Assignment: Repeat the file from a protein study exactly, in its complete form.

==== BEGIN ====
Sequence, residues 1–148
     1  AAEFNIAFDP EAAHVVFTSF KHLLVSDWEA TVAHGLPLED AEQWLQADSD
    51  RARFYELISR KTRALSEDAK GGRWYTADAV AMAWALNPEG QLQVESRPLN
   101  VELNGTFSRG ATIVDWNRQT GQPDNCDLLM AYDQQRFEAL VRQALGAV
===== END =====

Sequence, residues 1–148
     1  AAEFNIAFDP EAAHVVFTSF KHLLVSDWEA TVAHGLPLED AEQWLQADSD
    51  RARFYELISR KTRALSEDAK GGRWYTADAV AMAWALNPEG QLQVESRPLN
   101  VELNGTFSRG ATIVDWNRQT GQPDNCDLLM AYDQQRFEAL VRQALGAV